Much of this community-centricness was baked in at the crowded Ontario Marriott bar, and on an exhibit floor that served as a daytime mingle spot for those who couldn’t afford the sessions. This year, the usual social networking tools made it possible for people to plan meetups, but the lack of natural gathering spots, and a dearth of sponsored evening parties made it hard to find the people I wanted to see or meet, beyond a group of friends who communicated via Twitter and text message, all pre-arranged. The tepid show floor experience ensured that visits there were shorter, depriving attendees of another chance to see and be seen.

How to fix? Linda Mills of Podcast User Magazine twittered about rumors that the next expo might take place in San Francisco. And at this writing, no dates for a 2009 show are posted on the NME site. Further, Tim Bourquin, in a very informative post on the difficulties of running trade shows on a small scale, suggests that he might be leaving the business.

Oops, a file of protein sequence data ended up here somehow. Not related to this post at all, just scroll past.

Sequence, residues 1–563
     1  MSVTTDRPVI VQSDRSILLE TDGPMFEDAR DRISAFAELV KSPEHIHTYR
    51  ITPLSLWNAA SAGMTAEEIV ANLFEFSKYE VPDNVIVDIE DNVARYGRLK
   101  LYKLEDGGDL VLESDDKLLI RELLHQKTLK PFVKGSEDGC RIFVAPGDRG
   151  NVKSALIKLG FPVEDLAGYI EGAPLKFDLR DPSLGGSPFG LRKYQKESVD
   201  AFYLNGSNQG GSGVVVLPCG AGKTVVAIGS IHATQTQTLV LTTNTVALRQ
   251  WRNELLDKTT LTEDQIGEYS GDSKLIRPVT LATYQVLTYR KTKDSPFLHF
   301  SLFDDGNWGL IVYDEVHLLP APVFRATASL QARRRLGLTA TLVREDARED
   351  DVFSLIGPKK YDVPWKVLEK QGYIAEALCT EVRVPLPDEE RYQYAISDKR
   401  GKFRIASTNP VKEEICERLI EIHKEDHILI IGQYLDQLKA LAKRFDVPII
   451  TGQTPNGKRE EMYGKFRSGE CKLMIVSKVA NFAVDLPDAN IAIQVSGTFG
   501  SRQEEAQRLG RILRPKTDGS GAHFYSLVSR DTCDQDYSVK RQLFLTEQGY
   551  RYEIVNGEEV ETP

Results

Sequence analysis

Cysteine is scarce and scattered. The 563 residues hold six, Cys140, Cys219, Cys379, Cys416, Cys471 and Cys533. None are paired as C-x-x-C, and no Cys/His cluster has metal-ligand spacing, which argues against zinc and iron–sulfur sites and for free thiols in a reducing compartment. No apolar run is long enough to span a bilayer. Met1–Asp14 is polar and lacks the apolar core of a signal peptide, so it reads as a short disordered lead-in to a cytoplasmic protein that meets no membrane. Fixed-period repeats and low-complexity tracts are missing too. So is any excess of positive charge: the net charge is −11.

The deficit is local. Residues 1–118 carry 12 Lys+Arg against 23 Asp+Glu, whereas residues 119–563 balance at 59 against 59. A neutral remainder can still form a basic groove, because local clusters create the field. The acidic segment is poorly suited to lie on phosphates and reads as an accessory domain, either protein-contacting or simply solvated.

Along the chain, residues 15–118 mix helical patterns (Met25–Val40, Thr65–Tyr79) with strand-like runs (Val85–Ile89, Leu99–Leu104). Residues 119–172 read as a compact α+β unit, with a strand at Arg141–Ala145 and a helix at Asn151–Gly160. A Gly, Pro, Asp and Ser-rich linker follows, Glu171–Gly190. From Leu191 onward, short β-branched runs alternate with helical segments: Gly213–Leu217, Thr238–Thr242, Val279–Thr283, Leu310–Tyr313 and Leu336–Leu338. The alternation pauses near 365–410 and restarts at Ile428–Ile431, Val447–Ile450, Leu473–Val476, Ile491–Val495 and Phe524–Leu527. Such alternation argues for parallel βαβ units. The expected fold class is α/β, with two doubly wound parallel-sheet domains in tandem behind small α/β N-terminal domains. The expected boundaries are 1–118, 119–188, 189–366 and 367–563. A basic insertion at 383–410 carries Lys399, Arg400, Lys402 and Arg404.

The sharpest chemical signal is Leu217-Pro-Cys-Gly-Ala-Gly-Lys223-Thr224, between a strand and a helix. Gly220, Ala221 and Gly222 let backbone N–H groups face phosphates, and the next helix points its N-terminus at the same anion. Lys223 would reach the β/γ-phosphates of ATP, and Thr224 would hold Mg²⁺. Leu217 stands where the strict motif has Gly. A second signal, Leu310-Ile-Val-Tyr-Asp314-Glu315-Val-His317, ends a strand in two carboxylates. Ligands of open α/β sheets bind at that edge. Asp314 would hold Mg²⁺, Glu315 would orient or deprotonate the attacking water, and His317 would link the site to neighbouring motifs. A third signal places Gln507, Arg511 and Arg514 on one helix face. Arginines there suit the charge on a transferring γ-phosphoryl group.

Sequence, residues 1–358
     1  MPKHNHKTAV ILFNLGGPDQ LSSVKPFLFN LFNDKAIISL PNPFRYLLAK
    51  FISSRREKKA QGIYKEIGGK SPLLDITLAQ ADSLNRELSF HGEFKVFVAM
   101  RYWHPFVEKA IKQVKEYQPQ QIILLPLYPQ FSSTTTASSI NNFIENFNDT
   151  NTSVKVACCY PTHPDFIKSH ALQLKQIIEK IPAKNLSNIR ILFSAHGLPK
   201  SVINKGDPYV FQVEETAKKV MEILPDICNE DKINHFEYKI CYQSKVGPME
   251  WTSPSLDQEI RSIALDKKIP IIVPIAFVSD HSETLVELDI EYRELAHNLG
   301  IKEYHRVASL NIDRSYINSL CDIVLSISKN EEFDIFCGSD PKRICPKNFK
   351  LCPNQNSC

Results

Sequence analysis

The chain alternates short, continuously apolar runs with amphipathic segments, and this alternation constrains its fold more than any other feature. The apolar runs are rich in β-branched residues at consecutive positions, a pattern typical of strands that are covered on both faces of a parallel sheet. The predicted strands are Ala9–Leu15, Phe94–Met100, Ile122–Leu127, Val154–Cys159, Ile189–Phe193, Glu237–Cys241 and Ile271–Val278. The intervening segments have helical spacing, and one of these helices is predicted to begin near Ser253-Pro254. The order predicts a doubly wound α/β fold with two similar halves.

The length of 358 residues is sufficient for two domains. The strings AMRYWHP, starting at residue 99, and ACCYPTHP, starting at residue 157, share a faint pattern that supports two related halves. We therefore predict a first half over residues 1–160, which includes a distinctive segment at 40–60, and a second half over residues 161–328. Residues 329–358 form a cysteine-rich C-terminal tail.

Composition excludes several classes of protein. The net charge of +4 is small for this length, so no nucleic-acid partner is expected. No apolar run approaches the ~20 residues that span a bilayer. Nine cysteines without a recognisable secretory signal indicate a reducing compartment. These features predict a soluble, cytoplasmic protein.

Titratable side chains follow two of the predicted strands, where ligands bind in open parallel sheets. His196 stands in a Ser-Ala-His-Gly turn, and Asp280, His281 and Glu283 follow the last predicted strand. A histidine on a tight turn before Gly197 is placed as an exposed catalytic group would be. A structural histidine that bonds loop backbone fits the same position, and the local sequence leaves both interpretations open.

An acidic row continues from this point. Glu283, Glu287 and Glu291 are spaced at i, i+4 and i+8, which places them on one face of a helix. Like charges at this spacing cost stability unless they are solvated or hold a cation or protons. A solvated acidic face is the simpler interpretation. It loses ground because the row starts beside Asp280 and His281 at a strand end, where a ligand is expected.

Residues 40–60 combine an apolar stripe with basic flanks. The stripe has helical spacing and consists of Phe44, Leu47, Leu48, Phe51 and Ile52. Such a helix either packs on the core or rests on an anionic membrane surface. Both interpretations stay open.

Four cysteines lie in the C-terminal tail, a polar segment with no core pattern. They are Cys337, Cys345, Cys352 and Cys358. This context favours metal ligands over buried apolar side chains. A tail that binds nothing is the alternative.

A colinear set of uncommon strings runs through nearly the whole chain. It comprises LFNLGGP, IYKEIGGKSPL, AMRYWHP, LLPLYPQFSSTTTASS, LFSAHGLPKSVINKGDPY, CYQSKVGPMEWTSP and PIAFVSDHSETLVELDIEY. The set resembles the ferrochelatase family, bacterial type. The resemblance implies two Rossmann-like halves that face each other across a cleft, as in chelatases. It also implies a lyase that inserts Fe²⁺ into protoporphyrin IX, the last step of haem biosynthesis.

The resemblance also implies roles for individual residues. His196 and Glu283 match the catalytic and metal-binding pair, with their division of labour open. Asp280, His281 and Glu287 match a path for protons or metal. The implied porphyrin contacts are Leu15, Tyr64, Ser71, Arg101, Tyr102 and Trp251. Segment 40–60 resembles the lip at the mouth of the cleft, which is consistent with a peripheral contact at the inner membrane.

I for one hope that NME can be revitalized. San Francisco is a great choice for next year’s event. I would also like to see a Midwest (Chicago) or East Coast (Boston) event. Podcamp attendance patterns could provide good gudeance about locations that could best support a podcasting conference. Finally, I would like to see Tim hire a community-builder for NME. This person’s job would be to develop events and venues that would be conducive to more social options. Two important parts of this job would be finding sponsors for open events, and seeking out affordable, public meeting places that would draw NME attendees willing to socialize on their own dime.